Checks on Astrometry
The internal astrometric accuracy (between the stacked images of a group) is typically 0.04 arcseconds radially or 0.025 in any one direction. The repeatability (the residuals between two completely independent astrometric determinations), is about 0.06 arcseconds. The external astrometric accuracy (between the stacks and the external reference frame) is typically 0.20 arcseconds radially or 0.14 in any one direction.
The internal accuracy is checked by running SExtractor on each stacked image in every band of each group and obtaining catalogues of object positions. The positional catalogues for each band are matched to each other and common objects identified. If the astrometry is perfect, then the position of an object in each band will be identical. In practice, there are astrometric residuals. Examining these residuals gives an idea of the astrometric uncertainties.
The figure below shows checks on the internal astrometry between two typical images in a group. The top left quarter shows the direction and size (greatly enlarged) of the astrometric residuals as line segments. This plot is an important diagnostic of astrometry because, while the residuals are typically quite small, there are outliers in any distribution. As long as these outliers are relatively isolated from each other and pointing in random directions all is well. Conversely, if there are a number of large residuals in close proximity to each other, all pointing the same direction, this indicates a systematic misalignment between the two images in question. The figure shows no such misalignments. The bottom left quarter shows the astrometric residuals in RA and Dec. The red histograms show the relative distribution of the residuals in both directions. The 68th percentile of the residuals is 0.060 arcseconds radially. The two right panels show the residuals in RA and Dec separately.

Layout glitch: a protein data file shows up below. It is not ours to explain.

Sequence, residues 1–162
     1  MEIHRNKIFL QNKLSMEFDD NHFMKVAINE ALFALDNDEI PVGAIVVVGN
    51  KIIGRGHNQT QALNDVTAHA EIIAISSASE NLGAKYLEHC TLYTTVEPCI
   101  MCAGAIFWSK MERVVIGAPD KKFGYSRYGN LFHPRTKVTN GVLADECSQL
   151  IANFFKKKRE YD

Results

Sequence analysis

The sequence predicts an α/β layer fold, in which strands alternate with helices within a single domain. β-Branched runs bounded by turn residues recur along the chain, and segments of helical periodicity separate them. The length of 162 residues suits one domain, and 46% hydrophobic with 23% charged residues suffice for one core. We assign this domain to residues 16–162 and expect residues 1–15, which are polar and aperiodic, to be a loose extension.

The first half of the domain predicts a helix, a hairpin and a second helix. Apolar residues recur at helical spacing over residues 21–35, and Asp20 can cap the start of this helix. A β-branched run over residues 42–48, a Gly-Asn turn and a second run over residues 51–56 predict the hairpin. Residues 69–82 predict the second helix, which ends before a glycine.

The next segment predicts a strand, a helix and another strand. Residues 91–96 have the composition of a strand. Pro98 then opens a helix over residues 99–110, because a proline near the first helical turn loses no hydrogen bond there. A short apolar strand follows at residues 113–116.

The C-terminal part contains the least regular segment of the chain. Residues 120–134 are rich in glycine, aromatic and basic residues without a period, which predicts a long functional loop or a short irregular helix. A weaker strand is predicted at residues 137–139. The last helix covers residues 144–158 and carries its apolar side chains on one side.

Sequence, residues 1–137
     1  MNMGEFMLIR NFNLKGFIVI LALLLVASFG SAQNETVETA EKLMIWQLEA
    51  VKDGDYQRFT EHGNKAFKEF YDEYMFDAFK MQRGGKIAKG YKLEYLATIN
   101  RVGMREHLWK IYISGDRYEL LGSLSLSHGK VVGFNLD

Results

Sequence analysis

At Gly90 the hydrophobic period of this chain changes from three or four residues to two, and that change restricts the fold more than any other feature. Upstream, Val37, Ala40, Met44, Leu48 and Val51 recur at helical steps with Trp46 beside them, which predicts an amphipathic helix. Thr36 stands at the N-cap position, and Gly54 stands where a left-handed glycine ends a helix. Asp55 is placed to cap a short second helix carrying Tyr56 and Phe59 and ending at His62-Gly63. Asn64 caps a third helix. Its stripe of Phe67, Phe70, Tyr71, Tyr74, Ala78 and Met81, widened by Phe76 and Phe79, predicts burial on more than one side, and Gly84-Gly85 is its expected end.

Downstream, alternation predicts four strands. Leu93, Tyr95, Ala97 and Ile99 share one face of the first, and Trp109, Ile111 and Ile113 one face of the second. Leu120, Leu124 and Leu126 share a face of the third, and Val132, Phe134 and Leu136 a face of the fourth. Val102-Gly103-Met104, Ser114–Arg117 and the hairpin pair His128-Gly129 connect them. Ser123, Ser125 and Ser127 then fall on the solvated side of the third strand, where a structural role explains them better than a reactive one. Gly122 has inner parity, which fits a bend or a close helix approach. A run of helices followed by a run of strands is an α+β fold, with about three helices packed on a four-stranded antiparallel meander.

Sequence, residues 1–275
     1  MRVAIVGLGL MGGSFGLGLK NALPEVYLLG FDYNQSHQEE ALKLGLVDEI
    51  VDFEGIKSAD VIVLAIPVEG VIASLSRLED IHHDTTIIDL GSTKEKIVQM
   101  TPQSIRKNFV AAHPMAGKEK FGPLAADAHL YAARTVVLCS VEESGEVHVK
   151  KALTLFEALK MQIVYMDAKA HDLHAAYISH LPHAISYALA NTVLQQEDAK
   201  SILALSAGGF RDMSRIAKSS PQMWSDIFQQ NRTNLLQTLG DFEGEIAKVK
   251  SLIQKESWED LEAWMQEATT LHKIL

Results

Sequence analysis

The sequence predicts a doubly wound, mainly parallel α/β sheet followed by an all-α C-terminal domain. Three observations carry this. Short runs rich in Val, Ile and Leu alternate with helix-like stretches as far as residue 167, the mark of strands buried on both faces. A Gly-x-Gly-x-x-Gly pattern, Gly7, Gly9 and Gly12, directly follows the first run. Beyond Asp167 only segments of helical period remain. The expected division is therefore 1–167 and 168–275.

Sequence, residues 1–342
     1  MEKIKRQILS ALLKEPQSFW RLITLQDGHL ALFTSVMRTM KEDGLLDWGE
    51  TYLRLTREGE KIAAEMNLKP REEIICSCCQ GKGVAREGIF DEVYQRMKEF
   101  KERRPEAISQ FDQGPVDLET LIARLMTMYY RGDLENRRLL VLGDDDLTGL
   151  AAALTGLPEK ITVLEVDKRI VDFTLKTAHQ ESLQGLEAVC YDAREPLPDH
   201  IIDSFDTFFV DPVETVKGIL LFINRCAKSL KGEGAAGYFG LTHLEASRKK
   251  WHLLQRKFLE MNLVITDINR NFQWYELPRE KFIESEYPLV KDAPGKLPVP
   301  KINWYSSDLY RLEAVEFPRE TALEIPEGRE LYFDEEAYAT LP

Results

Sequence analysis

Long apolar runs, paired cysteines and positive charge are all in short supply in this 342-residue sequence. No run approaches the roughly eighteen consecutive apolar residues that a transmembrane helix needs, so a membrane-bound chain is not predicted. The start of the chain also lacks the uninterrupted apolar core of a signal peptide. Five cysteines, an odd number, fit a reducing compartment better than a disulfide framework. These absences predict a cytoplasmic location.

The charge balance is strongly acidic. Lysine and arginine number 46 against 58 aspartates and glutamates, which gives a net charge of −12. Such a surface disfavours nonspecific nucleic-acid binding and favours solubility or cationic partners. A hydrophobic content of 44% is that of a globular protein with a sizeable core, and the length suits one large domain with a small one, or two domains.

Over all, the astrometric residuals are about 0.04 arcseconds (68th percentile) in a radial sense or about 0.025 in any one direction. Note that there should be a factor of √2 between these two uncertainties.
The test described above was applied to every pair of images within each of the groups with similar results. This of course might not be too surprising, since the images were registered to each other in the first place. For example, if there is g and i data in a group, the i image is made first and then the g data is astrometrically mapped to the i image as described in astrometric calibration documentation. Therefore, even if there are systematic errors in the i astrometry, the g data is mapped to the erroneous positions, and the residuals between the g and i image will still be small.
However, this test is also applied between images belonging to different groups. Since the astrometric calibration of one group is completely independent of that of another group, comparing the residuals between different groups is a more stringent test of the repeatability of the astrometry. The figure below shows the astrometric residuals between two groups. The different panels have the same significance as in the previous figure. Groups tend to overlap only at the edges, in a thin strip, as shown in the top left panel. Consequently, the number of common sources between two groups will be much smaller than between two stacks in the same group. The residuals in this case are 0.05 arcseconds. More typically, averaging over all the group overlaps, the repeatability is 0.06 arcseconds.
This is checked by matching the catalogue for each field back to the astrometric reference catalogue. Again, the scatter in the astrometric residuals is a measure of the uncertainty, and the presence of any localized large residuals indicates a systematic shift.
The figure below shows checks on the external astrometry. The panels have the same significance as above. The only difference is that the residuals are larger. Note that there are uncertainties in the external astrometric catalogue as well. In this case, the SDSS is used as a reference. The astrometric uncertainties inherent in the SDSS are 0.05 to 0.10 arcseconds (Pier, et al. 2003).
- Date modified: